The Atlantic

Can the Pope Bridge Colombia's Divide Over FARC?

Francis’s message of forgiveness has not come with an explicit endorsement of the peace deal.

Source: Fernando Vergara / AP

On the first day of Pope Francis’s visit in Bogota, Colombia, he was met at the airport by President Juan Manuel Santos and a swarm of followers waving white handkerchiefs. On the tarmac, the pope was handed a white dove by a teenager, the son Clara Rojas, a former vice presidential candidate who was held captive by the Revolutionary Armed Forces of Colombia (FARC) for six years. It was a deeply symbolic moment, and a theme the pope is expected to take around the country during his five-day trip, the first papal visit to Colombia in 30 years.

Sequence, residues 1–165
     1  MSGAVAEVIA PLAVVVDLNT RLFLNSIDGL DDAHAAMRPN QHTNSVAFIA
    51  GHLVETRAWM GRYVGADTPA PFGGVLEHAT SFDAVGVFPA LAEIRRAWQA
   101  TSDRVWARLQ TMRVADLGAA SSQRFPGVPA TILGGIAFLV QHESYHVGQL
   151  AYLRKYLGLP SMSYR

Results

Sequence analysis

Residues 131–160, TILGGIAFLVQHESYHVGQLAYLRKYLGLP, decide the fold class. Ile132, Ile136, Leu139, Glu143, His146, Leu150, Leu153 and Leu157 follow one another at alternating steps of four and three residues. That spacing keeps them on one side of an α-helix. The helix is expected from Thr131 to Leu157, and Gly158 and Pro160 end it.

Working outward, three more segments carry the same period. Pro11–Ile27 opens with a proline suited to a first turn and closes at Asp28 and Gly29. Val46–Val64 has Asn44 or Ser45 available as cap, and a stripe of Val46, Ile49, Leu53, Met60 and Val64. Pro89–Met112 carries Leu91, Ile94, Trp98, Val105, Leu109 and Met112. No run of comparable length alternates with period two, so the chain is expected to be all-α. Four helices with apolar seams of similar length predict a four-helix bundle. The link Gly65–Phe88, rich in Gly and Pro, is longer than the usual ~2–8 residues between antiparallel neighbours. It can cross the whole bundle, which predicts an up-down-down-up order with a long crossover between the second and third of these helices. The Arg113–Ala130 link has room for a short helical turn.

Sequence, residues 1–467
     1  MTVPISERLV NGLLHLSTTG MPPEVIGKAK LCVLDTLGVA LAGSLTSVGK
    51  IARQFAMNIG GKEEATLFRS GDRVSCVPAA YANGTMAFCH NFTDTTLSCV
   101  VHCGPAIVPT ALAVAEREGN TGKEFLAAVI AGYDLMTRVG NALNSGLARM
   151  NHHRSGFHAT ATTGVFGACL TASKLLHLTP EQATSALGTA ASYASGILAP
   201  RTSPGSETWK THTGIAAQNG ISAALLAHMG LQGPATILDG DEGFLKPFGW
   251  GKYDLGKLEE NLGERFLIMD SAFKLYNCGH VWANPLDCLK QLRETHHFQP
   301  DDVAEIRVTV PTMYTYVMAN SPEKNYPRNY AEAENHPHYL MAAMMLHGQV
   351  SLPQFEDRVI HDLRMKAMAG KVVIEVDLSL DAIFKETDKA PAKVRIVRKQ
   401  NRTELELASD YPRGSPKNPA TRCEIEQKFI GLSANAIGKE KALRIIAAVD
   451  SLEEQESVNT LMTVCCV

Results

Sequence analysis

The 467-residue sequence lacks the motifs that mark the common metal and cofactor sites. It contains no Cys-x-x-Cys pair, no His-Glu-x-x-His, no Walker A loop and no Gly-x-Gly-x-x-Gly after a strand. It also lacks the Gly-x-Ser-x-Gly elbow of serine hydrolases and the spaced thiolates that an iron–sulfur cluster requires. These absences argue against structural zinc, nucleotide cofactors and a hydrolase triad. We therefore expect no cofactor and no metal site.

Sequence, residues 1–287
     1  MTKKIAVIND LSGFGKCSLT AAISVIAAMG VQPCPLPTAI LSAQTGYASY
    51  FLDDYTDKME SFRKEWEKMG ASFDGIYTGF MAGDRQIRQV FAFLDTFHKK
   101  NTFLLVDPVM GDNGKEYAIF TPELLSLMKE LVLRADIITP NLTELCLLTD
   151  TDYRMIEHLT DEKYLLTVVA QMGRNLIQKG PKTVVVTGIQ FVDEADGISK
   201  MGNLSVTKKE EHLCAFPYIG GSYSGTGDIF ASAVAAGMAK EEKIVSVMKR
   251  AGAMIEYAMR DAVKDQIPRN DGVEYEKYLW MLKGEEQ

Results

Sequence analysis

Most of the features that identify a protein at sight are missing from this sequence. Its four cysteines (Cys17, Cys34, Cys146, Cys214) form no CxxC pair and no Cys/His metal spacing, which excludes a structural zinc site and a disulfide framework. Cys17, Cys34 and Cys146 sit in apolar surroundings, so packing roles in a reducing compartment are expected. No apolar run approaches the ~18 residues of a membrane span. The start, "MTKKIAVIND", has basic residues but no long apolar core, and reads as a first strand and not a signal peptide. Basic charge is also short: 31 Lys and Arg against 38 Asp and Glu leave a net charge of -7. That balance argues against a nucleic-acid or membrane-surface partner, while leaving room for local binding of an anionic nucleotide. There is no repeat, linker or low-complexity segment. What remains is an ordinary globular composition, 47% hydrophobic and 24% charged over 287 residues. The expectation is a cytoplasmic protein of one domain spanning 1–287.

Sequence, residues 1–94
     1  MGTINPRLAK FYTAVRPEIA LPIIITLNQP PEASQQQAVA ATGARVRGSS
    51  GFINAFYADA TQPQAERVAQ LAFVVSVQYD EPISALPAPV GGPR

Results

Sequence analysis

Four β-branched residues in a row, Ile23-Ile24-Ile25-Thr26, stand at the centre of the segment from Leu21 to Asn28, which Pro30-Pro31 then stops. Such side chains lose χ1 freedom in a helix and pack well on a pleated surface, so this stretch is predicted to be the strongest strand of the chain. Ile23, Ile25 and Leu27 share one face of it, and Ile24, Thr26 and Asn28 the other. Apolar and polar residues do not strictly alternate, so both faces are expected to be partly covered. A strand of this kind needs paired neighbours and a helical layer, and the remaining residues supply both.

“The solitude of always being at loggerheads has been familiar for decades, and its smell has lingered for a hundred years,” Francis later said, referencing Colombia’s most famous author, Gabriel. “We do not want any type of violence whatsoever to restrict or destroy one more life.”

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